Google has signed a deal with a group of French publishers to make digital copyright payments for online news content.
- A similar tussle is ongoing between the Australian government and global tech platforms (google and Facebook) over the sharing of royalties with news publishers.
About the Google-French Deal:
- France became the first country to enshrine the European Union copyright rules into national law.
- This brought into effect the ‘neighboring rights’ law.
- Neighboring Rights: According to the World Intellectual Property Organization (WIPO), neighboring rights protect the legal interests of certain persons and legal entities that contribute to making works available to the public or that produce subject matter which, while not qualifying as works under the copyright systems of all countries, contains sufficient creativity or technical and organizational skill to justify recognition of a copyright-like property right.
- The newly adopted EU directive ensures that media are paid for original content, typically news, offered online by tech giants such as Google and Facebook.
- Under the new law, Google was forced to negotiate to pay the publishers and news agencies for reusing their material online.
European Union Copyright Rules:
- It wants to create a comprehensive framework where copyrighted material, copyright holders, publishers, providers and users can all benefit from clearer rules, adapted to the digital era.
The focus is on three main objectives:
- Wider opportunities to use copyrighted material for education, research, and preservation of cultural heritage.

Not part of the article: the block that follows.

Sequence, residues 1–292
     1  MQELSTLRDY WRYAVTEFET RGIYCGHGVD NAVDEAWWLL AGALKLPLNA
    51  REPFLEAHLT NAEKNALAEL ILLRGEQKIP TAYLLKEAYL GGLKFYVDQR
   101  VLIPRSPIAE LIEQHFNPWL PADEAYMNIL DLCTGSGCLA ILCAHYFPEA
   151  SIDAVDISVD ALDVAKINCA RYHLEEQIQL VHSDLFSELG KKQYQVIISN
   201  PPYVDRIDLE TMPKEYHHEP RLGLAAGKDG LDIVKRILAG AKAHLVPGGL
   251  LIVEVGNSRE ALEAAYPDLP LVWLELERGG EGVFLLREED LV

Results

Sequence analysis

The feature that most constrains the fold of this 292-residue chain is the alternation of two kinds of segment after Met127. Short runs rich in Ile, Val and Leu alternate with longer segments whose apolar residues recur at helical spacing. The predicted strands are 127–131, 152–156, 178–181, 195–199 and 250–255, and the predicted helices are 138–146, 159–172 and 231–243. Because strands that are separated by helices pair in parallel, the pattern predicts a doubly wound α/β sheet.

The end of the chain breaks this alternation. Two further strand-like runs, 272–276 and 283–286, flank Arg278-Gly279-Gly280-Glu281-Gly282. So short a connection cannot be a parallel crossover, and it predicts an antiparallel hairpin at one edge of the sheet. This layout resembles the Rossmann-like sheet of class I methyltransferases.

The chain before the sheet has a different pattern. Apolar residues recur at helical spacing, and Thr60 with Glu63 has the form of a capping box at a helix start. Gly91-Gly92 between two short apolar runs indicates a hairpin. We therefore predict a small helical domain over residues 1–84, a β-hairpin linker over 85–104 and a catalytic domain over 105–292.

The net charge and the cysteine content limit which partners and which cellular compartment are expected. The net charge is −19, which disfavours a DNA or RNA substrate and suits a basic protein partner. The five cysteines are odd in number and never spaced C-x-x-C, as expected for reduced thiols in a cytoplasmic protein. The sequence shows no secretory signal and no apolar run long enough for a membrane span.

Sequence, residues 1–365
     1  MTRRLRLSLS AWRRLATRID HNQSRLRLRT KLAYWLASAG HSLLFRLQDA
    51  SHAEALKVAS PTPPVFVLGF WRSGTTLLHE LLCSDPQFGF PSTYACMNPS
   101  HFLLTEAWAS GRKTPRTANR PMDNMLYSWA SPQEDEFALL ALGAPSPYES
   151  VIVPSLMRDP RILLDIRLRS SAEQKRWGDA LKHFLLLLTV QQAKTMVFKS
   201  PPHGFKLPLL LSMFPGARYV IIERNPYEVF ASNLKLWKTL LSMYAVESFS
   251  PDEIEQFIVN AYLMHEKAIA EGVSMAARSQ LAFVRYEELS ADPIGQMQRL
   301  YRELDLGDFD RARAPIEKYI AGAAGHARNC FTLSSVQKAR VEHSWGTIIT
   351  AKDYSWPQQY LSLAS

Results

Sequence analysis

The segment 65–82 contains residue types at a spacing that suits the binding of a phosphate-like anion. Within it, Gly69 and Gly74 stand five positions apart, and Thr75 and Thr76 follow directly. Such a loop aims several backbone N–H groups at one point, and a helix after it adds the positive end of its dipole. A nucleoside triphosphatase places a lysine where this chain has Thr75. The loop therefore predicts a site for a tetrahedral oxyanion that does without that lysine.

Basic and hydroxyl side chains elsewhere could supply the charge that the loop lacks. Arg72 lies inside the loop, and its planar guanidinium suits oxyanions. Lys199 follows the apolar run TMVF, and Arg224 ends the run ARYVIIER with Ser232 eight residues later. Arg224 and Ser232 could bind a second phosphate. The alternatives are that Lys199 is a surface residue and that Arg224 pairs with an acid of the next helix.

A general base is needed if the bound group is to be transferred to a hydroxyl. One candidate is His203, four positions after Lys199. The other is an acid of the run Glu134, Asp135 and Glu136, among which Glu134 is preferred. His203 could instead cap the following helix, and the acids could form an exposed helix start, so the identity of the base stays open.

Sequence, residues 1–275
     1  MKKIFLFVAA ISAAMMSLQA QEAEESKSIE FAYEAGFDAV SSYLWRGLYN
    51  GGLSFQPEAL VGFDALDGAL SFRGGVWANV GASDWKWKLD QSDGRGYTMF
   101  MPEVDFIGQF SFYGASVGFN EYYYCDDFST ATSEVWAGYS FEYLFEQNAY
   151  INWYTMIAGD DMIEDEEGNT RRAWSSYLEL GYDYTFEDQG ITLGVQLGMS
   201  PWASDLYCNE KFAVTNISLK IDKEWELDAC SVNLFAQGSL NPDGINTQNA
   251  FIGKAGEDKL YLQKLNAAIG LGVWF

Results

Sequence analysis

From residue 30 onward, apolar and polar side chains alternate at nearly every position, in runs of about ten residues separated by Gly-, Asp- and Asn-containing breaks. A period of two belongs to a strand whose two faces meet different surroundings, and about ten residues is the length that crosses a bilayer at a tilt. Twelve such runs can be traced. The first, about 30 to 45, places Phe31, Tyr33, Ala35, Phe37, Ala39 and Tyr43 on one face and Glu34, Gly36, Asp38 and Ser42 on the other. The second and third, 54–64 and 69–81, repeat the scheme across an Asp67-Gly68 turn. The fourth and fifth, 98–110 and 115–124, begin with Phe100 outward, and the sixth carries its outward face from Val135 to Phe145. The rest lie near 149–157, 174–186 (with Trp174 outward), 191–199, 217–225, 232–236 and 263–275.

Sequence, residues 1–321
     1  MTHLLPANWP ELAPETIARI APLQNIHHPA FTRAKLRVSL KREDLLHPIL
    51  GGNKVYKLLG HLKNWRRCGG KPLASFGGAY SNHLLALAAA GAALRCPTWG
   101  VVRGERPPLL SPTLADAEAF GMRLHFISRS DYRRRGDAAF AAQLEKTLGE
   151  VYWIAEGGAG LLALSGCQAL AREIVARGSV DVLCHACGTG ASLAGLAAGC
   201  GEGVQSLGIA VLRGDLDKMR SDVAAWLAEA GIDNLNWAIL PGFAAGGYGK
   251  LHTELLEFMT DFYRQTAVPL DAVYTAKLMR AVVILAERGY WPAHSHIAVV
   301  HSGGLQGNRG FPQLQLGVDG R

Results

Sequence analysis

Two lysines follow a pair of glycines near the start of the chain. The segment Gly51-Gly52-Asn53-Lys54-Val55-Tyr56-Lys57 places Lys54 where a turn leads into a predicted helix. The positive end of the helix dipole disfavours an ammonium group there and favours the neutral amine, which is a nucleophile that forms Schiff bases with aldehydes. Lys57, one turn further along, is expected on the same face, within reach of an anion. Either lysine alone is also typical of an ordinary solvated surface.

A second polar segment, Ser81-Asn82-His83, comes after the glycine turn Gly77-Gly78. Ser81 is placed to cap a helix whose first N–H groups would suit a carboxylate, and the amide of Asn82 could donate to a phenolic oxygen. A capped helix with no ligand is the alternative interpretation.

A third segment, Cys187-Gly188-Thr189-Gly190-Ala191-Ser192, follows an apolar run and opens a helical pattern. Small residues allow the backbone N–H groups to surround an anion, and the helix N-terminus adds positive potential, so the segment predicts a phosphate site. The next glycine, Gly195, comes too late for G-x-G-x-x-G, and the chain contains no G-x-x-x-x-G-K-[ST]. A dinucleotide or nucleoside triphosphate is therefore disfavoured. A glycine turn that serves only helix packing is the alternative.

- More cross-border and online access for citizens to copyright-protected content.
- Fairer rules for a better-functioning of copyright marketplace which stimulates creation of high-quality content.
Issues in Australia:
- Google has threatened to remove its search engine from the country, and Facebook has said it could block Australian users from posting or sharing news links if proposed norms on royalty payments are rolled out.
- Royalty payment: A royalty is a legally-binding payment made to an individual, for the ongoing use of his or her originally-created assets, including copyrighted works, franchises, and natural resources.
The argument made by the global tech companies is that:
- The Australian media industry is already benefiting from traffic being routed to them by each of the digital platforms.
- The new rules proposed by the Australian authorities would expose them to unmanageable levels of financial and operational risk.
- Hefty fines proposed by authorities are being seen as an added disincentive.
- The fundamental difference in the approach taken by the French and Australian authorities on the issue is that France specifically linked payments to copyright, without putting a forcing device into the agreements like in Australia.
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